The figures are indeed shocking. It is believed some 100 elephants a day are now being slaughtered in Africa to feed the demand for ivory. Those responsible are often in hock to criminal gangs, which as well as poaching are involved in human trafficking and drug smuggling.
Already this year more than 40 tonnes of tusks have been confiscated while being smuggled internationally, with China the top destination for the illegal trade.
For decades, adoptees and their supporters have fought for access to their birth records.
Like-minded lawmakers have introduced numerous bills in the General Assembly over the years, but all were doomed by opposition from anti-abortion forces, including the influential Ohio Right to Life. Those groups feared it would promote abortion because fewer women would opt for adoption if their identities weren’t kept private.
But yesterday, Mike Gonidakis, executive director of Ohio Right to Life and the father of two adopted children, was among those celebrating as Gov. John Kasich signed into law a bill giving an estimated 400,000 adult adoptees access to their original birth certificates.
“Times have changed so much,” Gonidakis said. “Now there is the Internet and Google, and you can find out all sorts of things about people in 10 minutes.”
“Whenever you are aware of a crime and you don’t hold someone accountable, then you’re colluding with a criminal.”
The woman who is battered would have to know about the special relationship that exists among police officers. Is that one of the reasons perhaps they are hesitant to call or know who to call?
There’s no question, as a matter of fact. The dynamic in a domestic violence relationship … is no different than when the husband is a police officer or the wife is a police officer. That dynamic is the same, which means that this is power-based violence, someone using power for intent to control another. And it’s ongoing.
And police know how to use power.
More than that, and this is the real dilemma that law enforcement faces, is that you get someone who already has a propensity to violence — and most often that’s from childhood experiences. We believe about 85 percent of the offenders learn violence at an early age.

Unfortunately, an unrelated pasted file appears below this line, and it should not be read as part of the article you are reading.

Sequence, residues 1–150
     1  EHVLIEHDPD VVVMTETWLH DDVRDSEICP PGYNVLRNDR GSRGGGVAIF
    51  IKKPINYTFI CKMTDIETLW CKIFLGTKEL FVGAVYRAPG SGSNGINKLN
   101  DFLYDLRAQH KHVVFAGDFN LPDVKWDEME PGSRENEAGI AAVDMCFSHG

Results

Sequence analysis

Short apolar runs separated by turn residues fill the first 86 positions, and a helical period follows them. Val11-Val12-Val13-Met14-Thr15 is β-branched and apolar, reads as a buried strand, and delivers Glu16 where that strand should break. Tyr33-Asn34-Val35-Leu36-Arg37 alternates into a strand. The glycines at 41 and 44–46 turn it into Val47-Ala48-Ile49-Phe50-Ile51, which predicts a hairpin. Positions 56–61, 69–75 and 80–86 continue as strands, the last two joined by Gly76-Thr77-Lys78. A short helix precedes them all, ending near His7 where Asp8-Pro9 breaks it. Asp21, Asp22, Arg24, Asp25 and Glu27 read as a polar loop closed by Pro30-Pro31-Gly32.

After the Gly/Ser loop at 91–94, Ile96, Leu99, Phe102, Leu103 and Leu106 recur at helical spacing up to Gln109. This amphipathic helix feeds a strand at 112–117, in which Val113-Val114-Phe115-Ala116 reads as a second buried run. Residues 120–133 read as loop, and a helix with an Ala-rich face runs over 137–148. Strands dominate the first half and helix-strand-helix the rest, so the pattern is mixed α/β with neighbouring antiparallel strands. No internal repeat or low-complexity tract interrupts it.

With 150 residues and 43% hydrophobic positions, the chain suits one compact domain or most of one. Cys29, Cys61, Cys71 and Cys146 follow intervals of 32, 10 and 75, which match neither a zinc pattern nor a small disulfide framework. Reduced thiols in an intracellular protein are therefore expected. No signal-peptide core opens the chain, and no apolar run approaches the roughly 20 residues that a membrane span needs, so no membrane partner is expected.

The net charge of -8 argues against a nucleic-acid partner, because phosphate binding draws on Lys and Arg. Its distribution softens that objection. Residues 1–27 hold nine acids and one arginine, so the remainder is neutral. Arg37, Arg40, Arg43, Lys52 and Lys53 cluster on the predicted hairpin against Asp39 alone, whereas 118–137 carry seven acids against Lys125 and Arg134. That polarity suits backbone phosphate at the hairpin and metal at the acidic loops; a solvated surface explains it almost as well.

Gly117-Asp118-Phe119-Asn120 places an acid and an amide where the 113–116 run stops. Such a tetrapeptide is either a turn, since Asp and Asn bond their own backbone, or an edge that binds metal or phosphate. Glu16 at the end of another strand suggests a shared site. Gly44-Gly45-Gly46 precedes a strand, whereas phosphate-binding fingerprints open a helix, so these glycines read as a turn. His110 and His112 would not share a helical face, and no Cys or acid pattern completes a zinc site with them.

So you get that kind of a character in a badge, you’ve got a real problem, because when you train someone to be a cop, anyone in this country, you train them to challenge when confronted. You train them to interrogate when suspicious. You train them to [use] fighting skills that no one else has. You train them how to use weapons. You train them how to deal with conflict. You teach them all these skills, and then you add all of that to someone who is violent, you’ve got a lethal combination on your hands. …
There’s more to it than that, and I know that because I’ve been an investigating officer. And when you deal with these kinds of cases as a criminal investigator, not as a first responder, then you see all of this in the officers, especially when you start doing the interview interrogation, collection of evidence, interviewing witnesses.
You have a very special kind of victim, because they’ve been manipulated by a highly trained offender who also knows the law just like you do. So you’ve got a different kind of person that you’re investigating now. It takes a high degree of training and skill to investigate an officer-involved case. …
This FRONTLINE/PBS episode “A Death in St. Augustine” is a must see. 53 minutes.